A guest review by Sirius
Summary: A fun and exciting fantasy adventure which explores the “from enemies to lovers” trope.
It’s lonely at the top for Commander Villam Elding, who has always ranked loyalty to the empire and career ambition over romance. He finds it easier to love ideas than people; without military life, he’s lost. Even so, it’s his close relationship with Kardiell, a popular officer, that tears him from his life. Those with competing ambitions try to take Villam hostage to leverage Kardiell’s soft spot for him. In the struggle, Villam crashes the small spacecraft he’s riding. All hands perish except he and Luke, his kidnapper.
Luke Sicinik travels the galaxy performing dirty missions for money to send home. Born on a desert colony abandoned by the empire, he has no love for imperial soldiers. He spent his childhood in a monastery which taught the evils of anything impractical or sentimental. Yet when he crawls from the destroyed spacecraft, his first instinct is compassionate: he drags Villam’s unconscious body free of the wreckage. Stranded together on a wild planet, Villam and Luke know that survival means cooperation. A truce becomes trust, and trust turns to passion, as they struggle to find a new life together — just the two of them against an entire world.
The blurb sounded as if this book would have my favorite romance trope “from enemies to lovers,” so of course I was unable to resist it. While I had some niggles, overall it was a fun and pretty decent read.
I thought that the moment Luke and Villam landed together among the wilderness their struggle to survive was pretty well done. I also thought that the changes in them were actually pretty well done as well. Villam’s priorities transform from being an ambitious Imperial officer in the beginning of the book to somebody whose main priority is the person he loves at the end of the book. Luke’s journey shows even more significant change as he actually allows himself to exhibit emotions, which is a very significant adjustment especially because of his upbringing.
I really liked how their feelings about each other change as well and they very slowly establish trust, although I thought the love came a bit too fast. Do not get me wrong, the love does not come before they become friends, but I thought that between the reveals about Luke’s upbringing and him deciding to embrace what Villam was offering, well I was not sure if enough pages passed between these two events. I am not complaining much though, as I said overall at least I was sold on them becoming friends. They started as real enemies, so I suppose I can live with a little too much speed of them becoming lovers after all, even though I would have loved to see Luke’s acknowledging and accepting that need within himself. I also liked how the author managed to make them accept each other while helping each other out, saving each other from the dangers of wilderness. I thought it sounded believable and credible.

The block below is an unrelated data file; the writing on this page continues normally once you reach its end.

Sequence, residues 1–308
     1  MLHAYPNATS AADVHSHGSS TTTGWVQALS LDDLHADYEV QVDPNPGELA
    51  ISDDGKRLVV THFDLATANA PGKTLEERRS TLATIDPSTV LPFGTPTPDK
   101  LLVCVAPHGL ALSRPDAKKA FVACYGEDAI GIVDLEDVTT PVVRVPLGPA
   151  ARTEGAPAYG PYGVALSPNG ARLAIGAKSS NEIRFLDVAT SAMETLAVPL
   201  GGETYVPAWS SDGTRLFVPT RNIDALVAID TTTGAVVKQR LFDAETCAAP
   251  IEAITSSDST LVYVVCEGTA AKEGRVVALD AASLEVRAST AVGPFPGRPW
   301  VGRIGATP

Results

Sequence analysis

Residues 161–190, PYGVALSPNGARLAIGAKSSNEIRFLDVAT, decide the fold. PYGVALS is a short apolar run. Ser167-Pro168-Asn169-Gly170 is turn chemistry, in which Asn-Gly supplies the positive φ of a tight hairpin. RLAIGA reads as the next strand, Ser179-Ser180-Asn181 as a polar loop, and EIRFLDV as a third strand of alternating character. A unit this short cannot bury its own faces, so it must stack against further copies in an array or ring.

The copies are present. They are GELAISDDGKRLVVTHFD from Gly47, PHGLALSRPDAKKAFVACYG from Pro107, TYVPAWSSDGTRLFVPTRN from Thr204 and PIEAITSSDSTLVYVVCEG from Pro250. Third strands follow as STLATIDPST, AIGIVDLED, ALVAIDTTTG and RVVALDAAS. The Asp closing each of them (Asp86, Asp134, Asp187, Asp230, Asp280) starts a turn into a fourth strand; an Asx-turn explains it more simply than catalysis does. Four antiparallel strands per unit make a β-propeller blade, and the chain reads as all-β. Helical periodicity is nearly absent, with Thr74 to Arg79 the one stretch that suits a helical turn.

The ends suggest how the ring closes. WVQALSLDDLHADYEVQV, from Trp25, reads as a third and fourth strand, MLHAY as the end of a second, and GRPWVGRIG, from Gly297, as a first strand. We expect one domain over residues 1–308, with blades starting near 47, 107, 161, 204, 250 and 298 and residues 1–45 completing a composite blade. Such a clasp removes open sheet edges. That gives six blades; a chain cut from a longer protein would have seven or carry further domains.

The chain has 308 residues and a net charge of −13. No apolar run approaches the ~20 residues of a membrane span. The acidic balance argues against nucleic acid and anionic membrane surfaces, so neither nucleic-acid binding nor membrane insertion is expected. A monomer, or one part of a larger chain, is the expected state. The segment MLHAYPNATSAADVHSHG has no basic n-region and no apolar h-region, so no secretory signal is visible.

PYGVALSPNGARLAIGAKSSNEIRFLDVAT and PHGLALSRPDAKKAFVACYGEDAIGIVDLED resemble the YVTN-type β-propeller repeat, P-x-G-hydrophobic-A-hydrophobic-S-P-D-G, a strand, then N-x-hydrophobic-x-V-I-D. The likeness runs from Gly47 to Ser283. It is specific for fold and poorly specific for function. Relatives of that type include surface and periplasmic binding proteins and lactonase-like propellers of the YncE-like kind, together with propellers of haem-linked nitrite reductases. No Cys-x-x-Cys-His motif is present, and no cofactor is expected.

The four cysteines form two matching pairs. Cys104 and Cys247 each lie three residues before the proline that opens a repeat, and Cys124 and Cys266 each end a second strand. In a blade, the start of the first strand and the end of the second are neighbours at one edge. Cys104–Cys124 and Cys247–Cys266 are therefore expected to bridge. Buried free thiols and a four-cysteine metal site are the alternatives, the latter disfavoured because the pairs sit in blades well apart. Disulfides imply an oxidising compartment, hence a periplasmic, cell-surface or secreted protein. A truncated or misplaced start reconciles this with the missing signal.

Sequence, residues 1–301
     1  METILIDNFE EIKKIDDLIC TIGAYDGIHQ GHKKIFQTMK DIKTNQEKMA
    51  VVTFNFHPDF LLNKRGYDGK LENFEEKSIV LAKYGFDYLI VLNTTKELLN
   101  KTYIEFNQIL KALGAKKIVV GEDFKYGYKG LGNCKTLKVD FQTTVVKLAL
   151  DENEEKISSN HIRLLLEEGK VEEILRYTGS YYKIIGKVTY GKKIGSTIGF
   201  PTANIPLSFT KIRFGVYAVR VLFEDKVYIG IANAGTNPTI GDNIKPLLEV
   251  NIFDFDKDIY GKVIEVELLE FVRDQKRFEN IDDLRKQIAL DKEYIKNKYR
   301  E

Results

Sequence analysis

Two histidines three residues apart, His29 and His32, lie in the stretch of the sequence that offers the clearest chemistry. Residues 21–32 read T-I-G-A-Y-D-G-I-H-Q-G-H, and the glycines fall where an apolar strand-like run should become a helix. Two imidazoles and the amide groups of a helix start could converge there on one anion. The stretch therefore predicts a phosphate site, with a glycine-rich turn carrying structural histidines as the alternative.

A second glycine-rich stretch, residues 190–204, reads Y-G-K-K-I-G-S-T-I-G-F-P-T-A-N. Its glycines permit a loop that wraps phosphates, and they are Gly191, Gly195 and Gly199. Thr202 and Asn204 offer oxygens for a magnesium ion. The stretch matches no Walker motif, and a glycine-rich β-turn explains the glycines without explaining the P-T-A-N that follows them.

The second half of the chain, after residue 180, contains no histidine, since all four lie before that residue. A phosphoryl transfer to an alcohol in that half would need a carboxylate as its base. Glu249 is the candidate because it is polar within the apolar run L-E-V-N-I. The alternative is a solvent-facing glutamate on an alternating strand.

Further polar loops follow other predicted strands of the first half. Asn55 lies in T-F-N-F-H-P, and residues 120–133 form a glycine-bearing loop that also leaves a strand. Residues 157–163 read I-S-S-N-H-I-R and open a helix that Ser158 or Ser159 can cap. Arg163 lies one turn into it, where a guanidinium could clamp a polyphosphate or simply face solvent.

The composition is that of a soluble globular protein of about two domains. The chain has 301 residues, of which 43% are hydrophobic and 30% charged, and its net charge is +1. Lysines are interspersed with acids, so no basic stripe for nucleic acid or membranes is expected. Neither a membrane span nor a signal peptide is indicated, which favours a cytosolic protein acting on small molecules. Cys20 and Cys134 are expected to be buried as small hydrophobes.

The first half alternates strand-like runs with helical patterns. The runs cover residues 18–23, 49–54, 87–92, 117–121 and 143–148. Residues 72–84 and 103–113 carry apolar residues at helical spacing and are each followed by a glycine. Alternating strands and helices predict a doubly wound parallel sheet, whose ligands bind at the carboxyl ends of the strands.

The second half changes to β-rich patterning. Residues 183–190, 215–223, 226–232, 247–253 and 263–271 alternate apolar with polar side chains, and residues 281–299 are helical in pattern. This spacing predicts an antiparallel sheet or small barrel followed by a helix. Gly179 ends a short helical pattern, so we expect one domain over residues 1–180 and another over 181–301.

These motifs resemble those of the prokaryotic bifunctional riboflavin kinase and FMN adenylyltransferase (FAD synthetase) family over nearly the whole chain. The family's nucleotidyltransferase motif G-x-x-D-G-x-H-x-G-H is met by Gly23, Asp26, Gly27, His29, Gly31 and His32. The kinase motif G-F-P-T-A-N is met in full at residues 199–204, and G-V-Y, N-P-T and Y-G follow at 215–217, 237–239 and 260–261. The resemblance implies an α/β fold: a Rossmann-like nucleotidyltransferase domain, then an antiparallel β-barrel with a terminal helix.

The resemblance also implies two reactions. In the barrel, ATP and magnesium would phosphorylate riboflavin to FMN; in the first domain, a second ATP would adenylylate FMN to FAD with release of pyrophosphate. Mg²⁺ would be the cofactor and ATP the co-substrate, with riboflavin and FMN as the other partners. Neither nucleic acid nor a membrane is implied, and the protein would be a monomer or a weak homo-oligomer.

The world-building, while showing some interesting things, was like a little bit of philosophy and religion; we get to glance at through both guys’ eyes, but overall it was a bit too trivial for me. It is basically Empire with the spaceships and colonies. I experienced a little bit of “been there done that” and many times feelings. I also felt that the secondary action storyline kind of lost steam by the end of the book. I had so much hope to see more of well-drawn Kardiel and Hije dishing out revenge for what was done to Villam, and eventually we only hear of it and not see.
Having said all this, while the book was a fun read, it was not an outstanding read for me, and the guys, while likeable, did not make me fall in love with them, just like them, which is no small achievement in itself.
If you like fantasy adventure reads, I do recommend this one.